I came to perceive their habits, their discipline, their kindnesses—even the mistakes they made. I learned to take note. To emulate. The precision of the carpenter. The tireless focus of the painter. The ritualistic excellence of the janitor. The rigorous schedule of an officer. The relentless curiosity of the talk show host. The fiercely contrary opinions of the editor. I learned from every one of them. Mentors to me. Each and all. And I am ever thankful.
In my late 20s, I took a job as a college professor at DePauw University, a small liberal arts college in Indiana. I was to teach creative writing, along with some literature classes, and like all professors at the school, senior and junior both, I was handed a list of new advisees at the beginning of every school year. At first I thought I would, at the very least, mentor these kids. But they drifted toward their ultimate majors, quickly, and on to careers that impressed, and sometimes, mystified me. I learned quickly: A mentor is far more than an advisor, and only in small part a teacher. I’m certain for every good word, and every clear piece of advice I ever came up with, that I missed the opportunity for a dozen more. Even with bright, motivated students like the ones who passed my way, a certain amount of what I taught fell on deaf ears. In mentoring, there are no guarantees. I was always delighted to be heard, to be respected, to be listened to, but I’d be lying if I didn’t admit that a certain amount of this did not come with the job. It’s what I was supposed to do. My job description said: Teach. It strikes me as important to state: A mentor doesn’t have a job description.
“I learned quickly: A mentor is far more than an advisor, and only in small part a teacher.
I’m certain for every good word, and every clear piece of advice I ever came up with, that I missed the opportunity for a dozen more.”
Over the years, many students were kind enough to call me their mentor. And I’ve only agreed to the mantle when our relationship extended beyond the skeleton of the class structure, once we were beyond the rewards and confines of grades, evaluation, even graduation. A true mentor has to affect the habits of a life, more than the details of a given profession.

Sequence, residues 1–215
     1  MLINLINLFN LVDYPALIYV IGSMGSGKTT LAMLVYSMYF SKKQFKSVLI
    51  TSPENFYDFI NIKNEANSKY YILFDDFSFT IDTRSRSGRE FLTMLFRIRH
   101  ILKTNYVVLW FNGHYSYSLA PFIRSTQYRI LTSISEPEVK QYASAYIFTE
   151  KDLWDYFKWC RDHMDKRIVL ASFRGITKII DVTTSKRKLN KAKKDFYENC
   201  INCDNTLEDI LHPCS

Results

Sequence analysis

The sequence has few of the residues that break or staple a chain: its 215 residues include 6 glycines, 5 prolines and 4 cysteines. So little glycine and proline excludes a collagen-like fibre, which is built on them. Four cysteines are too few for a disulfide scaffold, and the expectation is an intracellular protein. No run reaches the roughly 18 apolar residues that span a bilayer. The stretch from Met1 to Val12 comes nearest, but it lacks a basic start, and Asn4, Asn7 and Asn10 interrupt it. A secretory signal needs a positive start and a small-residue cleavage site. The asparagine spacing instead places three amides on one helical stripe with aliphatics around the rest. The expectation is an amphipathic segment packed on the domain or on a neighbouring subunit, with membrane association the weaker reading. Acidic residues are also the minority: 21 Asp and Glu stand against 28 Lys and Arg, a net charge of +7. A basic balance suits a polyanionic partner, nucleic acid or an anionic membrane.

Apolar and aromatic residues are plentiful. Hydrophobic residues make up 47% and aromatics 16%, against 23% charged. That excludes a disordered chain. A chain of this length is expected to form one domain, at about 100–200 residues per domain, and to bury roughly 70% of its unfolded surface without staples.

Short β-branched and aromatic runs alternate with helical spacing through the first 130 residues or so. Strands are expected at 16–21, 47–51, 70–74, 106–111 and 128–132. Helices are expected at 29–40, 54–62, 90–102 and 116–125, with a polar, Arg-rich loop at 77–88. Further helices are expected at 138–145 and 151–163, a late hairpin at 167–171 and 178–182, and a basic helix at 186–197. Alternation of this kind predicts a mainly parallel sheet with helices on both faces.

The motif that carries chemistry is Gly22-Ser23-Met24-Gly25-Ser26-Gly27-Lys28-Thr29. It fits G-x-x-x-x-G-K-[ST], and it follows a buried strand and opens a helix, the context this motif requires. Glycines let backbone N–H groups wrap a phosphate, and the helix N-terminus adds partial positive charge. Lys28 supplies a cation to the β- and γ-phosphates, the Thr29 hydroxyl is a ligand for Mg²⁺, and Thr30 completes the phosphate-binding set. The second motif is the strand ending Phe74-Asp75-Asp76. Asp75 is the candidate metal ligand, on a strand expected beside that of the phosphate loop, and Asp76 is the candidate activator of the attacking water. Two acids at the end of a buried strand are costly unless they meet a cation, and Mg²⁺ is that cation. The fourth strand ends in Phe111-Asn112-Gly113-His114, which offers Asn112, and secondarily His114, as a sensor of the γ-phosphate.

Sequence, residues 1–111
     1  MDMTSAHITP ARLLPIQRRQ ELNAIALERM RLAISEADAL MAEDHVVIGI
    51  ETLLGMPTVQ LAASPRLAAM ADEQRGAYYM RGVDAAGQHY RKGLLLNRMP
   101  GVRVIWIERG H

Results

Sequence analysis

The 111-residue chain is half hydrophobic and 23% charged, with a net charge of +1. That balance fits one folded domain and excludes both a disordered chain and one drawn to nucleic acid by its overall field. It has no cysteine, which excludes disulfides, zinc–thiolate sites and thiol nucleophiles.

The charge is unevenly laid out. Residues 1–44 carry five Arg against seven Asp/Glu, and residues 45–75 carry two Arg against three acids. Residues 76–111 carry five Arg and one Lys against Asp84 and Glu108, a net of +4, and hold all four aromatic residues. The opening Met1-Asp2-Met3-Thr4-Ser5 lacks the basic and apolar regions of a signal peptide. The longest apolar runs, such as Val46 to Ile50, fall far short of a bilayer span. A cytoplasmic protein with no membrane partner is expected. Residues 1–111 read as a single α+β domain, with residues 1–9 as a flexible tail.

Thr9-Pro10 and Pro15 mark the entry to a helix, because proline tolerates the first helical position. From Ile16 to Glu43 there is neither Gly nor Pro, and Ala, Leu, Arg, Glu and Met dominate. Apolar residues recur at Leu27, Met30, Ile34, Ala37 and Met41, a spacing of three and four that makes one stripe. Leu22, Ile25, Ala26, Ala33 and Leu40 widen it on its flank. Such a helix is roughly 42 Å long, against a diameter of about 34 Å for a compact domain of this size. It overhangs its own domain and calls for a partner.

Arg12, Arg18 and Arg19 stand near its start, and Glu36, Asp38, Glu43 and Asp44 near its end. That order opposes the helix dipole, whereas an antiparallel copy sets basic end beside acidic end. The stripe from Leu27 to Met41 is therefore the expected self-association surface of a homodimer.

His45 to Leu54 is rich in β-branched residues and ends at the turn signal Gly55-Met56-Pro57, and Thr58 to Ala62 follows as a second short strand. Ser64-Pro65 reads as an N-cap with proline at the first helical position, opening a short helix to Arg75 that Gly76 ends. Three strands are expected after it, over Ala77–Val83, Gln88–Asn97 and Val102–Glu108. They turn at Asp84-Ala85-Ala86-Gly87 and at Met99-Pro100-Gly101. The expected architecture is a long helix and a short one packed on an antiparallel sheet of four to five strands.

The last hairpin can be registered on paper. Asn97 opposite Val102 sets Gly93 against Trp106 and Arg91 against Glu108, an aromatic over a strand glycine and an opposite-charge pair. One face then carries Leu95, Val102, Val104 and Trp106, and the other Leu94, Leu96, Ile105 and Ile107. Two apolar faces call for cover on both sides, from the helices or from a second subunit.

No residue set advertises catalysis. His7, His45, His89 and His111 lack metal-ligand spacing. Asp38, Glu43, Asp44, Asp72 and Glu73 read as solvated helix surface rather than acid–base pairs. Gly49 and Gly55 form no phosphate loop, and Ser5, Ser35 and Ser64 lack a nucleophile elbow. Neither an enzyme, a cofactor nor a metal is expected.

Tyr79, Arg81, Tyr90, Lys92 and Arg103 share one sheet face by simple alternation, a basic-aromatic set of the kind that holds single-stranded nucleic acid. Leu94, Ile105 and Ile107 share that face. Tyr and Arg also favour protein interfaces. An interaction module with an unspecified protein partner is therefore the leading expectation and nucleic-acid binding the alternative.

Naturally, names come to mind. You teach long enough and you remember hundreds of kids who passed your way. For me, none more than James Bell, who came to my college in Indiana by way of his boyhood home in Birmingham, Alabama. He walked in like any boy at all, jeans, T-shirt, who knows what on his feet. College kid. He was part of a smart pack of students who passed through my classes in the mid ‘90s, but James, or “Bell” as everybody called him then and now, had a peculiar ability to tell a great story about the people he loved, without seeming maudlin or overtly corny. Back then, he had a curly mop of hair, and a body worn wire-thin every winter by the taxing effect of varsity distance swimming at the collegiate level. He smelled like chlorine and he had no idea how sheltered he had been. Still, he made me laugh when he spoke in class, without fail. He could have been an actor, a comedian, a playwright. But his comments were always informed, if slightly modest, and he did the work of the class—reading thoroughly, analyzing without fear. I knew that he worked like an attorney. He was frank, a little off color in his commentary, but an incisive reader and thinker. Like a good attorney. Which is exactly what he turned out to be.
I’m reluctant to call myself his mentor for two reasons. First, he had a wealth of guidance in the form of his swim coach, his other professors, his wise and strong-minded parents. Mentorship is a kind of casserole of influence. No single ingredient claims the dish.